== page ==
The angle is selected so that when resolved into components, the magnetic flux density has a vertical component nearly equal to or less than that of the longitudinal component. Keeping the ratio of vertical component to longitudinal component (the tangent of the vector angle) between 1.2 and 0.36 prevents energy transfer between even and odd harmonics of the recorded signal during degausing and results in even erasure of all harmonics. Preferably, angle is selected so that the signal fundamental and all harmonics are reduced below a desired degauss level. In the preferred embodiment, the angle is approximately 45 degrees from the horizontal and the reel is rotated as it is moved linearly through the field.
It can be understood that the degausser of this invention has the advantage of providing a greater amount of erasure with the same flux density than other techniques which apply fields in different directions in different stages or apply them directly or predominantly in the direction of magnetization or normal to the direction of magnetization.
The above noted and other features of the invention will be better understood from the following detailed description when considered with reference to the accompanying drawings in which:
FIG. 1 is a fragmentary, side elevational view of a degaussing apparatus and tape to be degaussed in accordance with an embodiment of the invention;
FIG. 2 is another fragmentary, side elevational view of the degaussing apparatus of FIG. 1 in another state of its progression during degaussing;
FIG. 3 is a top view of the embodiment of FIG. 1;
FIG. 4 is a fragmentary, side elevational view of another embodiment of the invention; and
FIG. 5 is a top view of the embodiment of FIG. 3.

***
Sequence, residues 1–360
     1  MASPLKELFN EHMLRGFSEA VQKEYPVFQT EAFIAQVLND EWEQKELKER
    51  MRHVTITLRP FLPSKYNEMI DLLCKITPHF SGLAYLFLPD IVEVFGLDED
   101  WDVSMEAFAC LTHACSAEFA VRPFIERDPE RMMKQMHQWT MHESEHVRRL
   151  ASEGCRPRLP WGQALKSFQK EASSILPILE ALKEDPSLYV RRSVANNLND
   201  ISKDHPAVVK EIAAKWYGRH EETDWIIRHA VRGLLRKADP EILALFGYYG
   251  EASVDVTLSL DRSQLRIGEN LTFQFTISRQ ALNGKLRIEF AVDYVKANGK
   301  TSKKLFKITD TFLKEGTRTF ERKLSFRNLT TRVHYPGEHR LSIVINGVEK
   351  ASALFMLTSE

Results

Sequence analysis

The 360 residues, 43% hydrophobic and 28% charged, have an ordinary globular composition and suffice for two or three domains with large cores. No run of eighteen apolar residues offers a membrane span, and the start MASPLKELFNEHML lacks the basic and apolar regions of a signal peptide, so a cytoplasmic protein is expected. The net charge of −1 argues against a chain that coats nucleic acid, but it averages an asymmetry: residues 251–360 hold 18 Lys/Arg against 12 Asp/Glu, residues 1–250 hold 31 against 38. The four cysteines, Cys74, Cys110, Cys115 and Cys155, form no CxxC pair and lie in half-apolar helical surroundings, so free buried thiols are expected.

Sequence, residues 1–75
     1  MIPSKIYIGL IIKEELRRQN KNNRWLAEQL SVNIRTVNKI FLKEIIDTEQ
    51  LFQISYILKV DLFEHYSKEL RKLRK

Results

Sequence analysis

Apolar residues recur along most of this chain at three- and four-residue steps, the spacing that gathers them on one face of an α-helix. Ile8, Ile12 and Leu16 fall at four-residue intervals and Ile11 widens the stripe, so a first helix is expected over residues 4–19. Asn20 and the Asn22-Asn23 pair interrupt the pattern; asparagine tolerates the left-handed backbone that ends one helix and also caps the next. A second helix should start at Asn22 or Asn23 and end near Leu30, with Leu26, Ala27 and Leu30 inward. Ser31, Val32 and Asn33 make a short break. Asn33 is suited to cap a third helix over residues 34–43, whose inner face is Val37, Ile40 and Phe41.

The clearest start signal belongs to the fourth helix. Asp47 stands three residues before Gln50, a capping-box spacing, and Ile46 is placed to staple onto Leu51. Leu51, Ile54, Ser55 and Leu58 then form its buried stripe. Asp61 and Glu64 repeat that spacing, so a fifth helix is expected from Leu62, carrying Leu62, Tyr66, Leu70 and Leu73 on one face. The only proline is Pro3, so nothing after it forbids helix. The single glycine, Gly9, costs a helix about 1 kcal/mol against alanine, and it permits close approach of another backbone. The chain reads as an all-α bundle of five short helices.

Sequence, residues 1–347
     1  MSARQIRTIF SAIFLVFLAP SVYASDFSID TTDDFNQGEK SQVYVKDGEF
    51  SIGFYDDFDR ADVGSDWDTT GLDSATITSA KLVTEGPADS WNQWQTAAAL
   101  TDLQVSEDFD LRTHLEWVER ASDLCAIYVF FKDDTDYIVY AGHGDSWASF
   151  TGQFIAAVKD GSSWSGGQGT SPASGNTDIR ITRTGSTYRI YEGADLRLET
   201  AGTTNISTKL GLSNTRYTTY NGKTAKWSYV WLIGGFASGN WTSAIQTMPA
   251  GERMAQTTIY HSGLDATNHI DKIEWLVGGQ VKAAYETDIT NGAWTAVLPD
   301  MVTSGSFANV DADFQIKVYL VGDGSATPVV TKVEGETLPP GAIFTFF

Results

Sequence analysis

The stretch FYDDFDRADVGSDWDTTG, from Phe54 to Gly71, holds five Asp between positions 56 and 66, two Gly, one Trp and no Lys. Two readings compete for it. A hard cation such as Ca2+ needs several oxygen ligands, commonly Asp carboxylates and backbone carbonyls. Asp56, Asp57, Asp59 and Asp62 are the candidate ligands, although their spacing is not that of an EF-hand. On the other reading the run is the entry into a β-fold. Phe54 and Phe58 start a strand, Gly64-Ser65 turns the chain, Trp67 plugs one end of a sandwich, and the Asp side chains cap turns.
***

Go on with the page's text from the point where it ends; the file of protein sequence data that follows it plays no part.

In FIGS. 1 and 2, there is shown a fragmentary, simplified sectional view of a degausser 10 in the process of receiving and degaussing a magnetic tape cassette 12 containing magnetic tape for degaussing. The degausser 10 includes a source of a magnetic field 16, a conveyor assembly 14 for delivering the magnetic tape cassette 12 into the magnetic field 16, and a system shown at 18A and 18B for causing the field 16 and/or the cassette 12 to rotate with respect to each other. FIG. 1 shows the tape 12 entering the degaussing apparatus and FIG. 2 shows the tape 12 within the field.
The source 16 of the magnetic field is positioned with respect to the conveyor so that when the cassette 12 is moved into the field, the source 16 creates a field at an angle to the side of the cassette 12 that is in the range of 20 to 50 degrees, and in the preferred embodiment, 45 or fewer degrees. This angle is referred to in this specification as the "effective angle". FIG. 1 shows one effective angle from one side and FIG. 2 shows a different effective angle that is the supplement of the effective angle shown in FIG. 1. It is desirable for the domains of the tape to receive peak o substantially a peak field strength at both the effective angle and its supplement.
In using the effective angle, a magnetic field vector is applied through the tape at an angle of between 20 to 50 degrees from the longitudinal side edges of the tape. The alternating field is applied at a sufficient magnetic flux density to change the orientation of individual magnetic domains or particles and thus randomizes the orientation.